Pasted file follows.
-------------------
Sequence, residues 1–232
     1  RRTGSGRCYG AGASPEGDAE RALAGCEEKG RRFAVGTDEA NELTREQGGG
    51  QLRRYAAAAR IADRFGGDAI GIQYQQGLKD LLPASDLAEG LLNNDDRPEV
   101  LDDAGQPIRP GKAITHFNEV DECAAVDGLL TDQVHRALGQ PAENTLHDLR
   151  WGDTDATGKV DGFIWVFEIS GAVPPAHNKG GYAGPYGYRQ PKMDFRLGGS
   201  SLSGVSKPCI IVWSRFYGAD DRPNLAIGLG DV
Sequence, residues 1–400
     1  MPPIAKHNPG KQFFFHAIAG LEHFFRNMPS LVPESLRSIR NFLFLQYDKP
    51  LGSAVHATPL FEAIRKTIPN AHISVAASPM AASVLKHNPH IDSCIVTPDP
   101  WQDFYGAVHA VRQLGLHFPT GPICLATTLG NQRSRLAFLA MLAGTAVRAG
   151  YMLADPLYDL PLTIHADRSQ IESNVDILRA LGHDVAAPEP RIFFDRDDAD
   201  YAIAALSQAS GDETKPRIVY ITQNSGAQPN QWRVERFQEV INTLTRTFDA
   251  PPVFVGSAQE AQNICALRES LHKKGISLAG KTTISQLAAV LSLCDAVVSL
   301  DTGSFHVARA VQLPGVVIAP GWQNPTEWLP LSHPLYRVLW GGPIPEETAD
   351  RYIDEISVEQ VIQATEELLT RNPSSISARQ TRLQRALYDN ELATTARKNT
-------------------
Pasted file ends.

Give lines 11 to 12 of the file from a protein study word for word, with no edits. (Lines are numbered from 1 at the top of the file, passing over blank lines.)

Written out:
   151  YMLADPLYDL PLTIHADRSQ IESNVDILRA LGHDVAAPEP RIFFDRDDAD
   201  YAIAALSQAS GDETKPRIVY ITQNSGAQPN QWRVERFQEV INTLTRTFDA